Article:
Matt Taibbi provides as good a definition as I’ve read thus far.
“Vast forests have already been sacrificed to the public debate about the Tea Party: what it is, what it means, where it’s going. But after lengthy study of the phenomenon, I’ve concluded that the whole miserable narrative boils down to one stark fact: They’re full of shit. All of them. At the voter level, the Tea Party is a movement that purports to be furious about government spending — only the reality is that the vast majority of its members are former Bush supporters who yawned through two terms of record deficits and spent the past two electoral cycles frothing not about spending but about John Kerry’s medals and Barack Obama’s Sixties associations. The average Tea Partier is sincerely against government spending — with the exception of the money spent on them. In fact, their lack of embarrassment when it comes to collecting government largesse is key to understanding what this movement is all about — and nowhere do we see that dynamic as clearly as … in Kentucky, where Rand Paul is barreling toward the Senate ** with the aid of conservative icons like Palin.
“Early in his campaign, Dr. Paul, the son of the uncompromising libertarian hero Ron Paul, denounced Medicare as ‘socialized medicine.’ But this spring, when confronted with the idea of reducing Medicare payments to doctors like himself — half of his patients are on Medicare — he balked. This candidate, a man ostensibly so against government power in all its forms that he wants to gut the Americans With Disabilities Act and abolish the departments of Education and Energy, was unwilling to reduce his own government compensation, for a very logical reason. ‘Physicians,’ he said, ‘should be allowed to make a comfortable living.’ ”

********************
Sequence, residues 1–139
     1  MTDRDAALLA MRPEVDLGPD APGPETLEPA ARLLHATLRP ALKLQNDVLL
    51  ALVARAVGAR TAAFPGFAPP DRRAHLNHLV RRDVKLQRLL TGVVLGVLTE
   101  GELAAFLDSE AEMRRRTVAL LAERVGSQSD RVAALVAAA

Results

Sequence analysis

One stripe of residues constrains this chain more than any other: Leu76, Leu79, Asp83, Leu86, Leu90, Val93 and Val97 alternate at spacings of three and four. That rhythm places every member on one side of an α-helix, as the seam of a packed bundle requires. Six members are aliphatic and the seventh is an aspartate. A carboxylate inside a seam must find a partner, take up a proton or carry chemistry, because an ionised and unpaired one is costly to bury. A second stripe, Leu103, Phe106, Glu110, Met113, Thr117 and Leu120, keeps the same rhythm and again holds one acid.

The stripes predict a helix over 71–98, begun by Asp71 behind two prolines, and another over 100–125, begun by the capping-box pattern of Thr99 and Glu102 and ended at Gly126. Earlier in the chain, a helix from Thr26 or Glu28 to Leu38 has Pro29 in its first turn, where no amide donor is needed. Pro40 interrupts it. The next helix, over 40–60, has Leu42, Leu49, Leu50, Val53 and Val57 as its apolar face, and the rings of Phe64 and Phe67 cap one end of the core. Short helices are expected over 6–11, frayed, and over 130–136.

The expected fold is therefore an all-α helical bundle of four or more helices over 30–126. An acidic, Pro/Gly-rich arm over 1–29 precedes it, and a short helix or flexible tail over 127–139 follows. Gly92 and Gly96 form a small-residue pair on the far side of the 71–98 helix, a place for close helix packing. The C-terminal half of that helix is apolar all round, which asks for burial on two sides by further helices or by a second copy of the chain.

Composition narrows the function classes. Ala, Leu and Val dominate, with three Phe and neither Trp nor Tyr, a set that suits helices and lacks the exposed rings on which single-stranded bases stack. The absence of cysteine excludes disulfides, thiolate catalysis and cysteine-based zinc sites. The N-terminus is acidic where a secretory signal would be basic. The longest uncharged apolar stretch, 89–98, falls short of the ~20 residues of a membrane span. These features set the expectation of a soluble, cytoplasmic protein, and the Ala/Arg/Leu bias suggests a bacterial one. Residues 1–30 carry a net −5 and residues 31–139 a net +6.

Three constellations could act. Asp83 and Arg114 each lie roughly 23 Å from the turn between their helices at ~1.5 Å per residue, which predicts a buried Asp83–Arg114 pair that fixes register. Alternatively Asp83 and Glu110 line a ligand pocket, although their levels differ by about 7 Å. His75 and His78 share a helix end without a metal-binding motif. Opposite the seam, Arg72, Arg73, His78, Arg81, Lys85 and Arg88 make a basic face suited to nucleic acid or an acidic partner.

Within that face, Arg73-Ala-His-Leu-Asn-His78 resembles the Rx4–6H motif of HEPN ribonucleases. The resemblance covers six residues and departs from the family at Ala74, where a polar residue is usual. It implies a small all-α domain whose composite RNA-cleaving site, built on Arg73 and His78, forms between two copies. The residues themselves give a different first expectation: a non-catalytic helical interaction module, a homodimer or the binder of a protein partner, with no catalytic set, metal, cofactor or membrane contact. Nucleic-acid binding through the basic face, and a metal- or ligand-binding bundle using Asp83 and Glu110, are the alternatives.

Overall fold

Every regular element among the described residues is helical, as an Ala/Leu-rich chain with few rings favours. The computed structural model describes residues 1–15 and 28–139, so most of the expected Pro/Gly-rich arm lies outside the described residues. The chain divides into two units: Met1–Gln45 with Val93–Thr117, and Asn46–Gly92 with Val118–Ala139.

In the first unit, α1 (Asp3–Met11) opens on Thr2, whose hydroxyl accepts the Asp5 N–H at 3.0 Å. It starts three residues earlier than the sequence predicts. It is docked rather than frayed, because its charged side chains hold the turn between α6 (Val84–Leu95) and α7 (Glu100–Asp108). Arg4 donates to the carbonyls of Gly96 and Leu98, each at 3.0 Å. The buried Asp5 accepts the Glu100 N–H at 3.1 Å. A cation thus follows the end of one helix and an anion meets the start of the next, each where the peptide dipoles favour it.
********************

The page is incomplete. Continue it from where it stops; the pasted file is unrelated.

— Matt Taibbi, “Tea and Crackers,” Rolling Stone, Oct. 15, 2010 issue.
** [Ed. Note: Rand Paul’s Democratic opponent, Jack Conway, has come up in the polls by 30 points in the past few months. He and Paul are now is a statistical dead heat.]